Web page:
It actually says that on a sign on the door, honestly. This is the (infamous) Stag, on Burnt Oak Broadway, scene of many a late-night punch-up over the years. Everyone knows the Stag, it’s one of those pubs which are always there, central to a neighbourhood, not just any old boozer, a character in its own right. I don’t go there, personally, but I did pop in to finish the colour in this drawing in the warmth. I did feel a little self-conscious getting my little watercolour set out, not exactly hard-as-nails, but nobody cared. I hadn’t set foot in there for many many years, since I was a kid. My nan (‘nam’, we called her) used to drink in here every single day, she was a true regular. I imagined her sitting in that seat by the window where she always sat. I got all nostalgic. I could smell the cheese and onion crisps. There weren’t many people in there, but the conversations were generally littered with “f***ing this, f***ing that”; having lived in the swear-free States for a few years now I had forgotten how many times you are supposed to put the word “f***ing” within sentences when you come from Burnt Oak. It’s really a f***ing lot.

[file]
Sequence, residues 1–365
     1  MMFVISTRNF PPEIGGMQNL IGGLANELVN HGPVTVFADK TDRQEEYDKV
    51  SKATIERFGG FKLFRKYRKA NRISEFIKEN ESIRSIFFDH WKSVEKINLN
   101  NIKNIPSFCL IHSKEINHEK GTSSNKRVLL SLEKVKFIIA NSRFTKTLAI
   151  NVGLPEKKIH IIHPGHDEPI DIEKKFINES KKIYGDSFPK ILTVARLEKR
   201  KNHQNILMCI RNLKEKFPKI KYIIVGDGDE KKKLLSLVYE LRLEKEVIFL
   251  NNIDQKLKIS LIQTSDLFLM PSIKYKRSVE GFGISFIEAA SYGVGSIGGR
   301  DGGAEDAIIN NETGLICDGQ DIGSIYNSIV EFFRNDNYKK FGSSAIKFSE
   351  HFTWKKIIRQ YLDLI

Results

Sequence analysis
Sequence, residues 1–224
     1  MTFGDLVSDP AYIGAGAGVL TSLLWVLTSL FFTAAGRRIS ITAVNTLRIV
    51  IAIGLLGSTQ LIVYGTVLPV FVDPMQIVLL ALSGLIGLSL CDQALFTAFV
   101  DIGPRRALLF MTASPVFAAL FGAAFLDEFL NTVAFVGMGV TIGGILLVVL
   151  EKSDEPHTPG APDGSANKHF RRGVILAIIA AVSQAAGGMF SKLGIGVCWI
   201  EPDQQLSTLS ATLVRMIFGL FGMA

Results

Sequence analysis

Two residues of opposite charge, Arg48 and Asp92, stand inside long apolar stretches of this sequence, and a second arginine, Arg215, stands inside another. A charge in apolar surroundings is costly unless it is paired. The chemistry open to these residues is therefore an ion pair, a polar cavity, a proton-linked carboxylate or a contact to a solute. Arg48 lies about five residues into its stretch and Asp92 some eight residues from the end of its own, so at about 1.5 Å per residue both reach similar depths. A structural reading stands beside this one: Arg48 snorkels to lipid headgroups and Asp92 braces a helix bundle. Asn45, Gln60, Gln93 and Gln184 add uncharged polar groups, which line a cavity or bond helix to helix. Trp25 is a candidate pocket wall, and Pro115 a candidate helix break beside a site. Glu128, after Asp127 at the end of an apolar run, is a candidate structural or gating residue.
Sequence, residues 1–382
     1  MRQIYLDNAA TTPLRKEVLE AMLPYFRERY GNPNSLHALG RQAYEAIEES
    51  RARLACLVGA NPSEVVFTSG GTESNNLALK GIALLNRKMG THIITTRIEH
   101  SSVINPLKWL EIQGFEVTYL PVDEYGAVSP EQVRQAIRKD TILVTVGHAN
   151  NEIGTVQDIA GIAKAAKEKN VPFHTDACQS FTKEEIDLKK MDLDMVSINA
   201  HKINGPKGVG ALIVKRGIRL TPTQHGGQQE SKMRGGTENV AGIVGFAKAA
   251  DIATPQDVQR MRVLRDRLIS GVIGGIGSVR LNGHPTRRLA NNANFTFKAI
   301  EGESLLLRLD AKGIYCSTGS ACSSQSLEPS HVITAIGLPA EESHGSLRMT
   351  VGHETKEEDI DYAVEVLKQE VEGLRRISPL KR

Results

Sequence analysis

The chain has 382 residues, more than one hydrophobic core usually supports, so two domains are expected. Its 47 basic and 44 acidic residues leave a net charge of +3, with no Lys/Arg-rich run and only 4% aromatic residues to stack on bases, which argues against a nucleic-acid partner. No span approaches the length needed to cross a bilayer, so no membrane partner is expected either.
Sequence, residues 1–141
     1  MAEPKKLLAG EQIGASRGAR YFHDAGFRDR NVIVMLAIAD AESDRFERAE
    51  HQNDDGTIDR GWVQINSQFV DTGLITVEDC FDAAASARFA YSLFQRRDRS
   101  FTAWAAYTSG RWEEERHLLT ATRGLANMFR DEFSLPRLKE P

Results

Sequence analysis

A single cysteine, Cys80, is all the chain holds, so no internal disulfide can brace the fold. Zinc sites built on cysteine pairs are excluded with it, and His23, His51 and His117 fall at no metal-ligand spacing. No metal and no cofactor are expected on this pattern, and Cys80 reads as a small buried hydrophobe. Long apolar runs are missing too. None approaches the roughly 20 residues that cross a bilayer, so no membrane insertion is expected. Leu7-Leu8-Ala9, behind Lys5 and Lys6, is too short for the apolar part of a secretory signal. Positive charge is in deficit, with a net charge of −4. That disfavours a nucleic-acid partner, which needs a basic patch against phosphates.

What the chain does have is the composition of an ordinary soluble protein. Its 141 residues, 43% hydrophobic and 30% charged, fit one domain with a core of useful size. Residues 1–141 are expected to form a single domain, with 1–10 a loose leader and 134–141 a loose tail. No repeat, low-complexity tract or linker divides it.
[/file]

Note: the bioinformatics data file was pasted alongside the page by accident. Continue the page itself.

After sketching this, I popped into a Romanian cafe/bakery across the road, and had a cup of tea with the owner, a Romanian man I hadn’t seen in over twenty years, an old family friend. That was nice; he gave me a huge plate of Romanian cream cakes to take home to my family. A fun first day back in Burnt Oak, the f***in’ town where I was f***ing’ born, innit.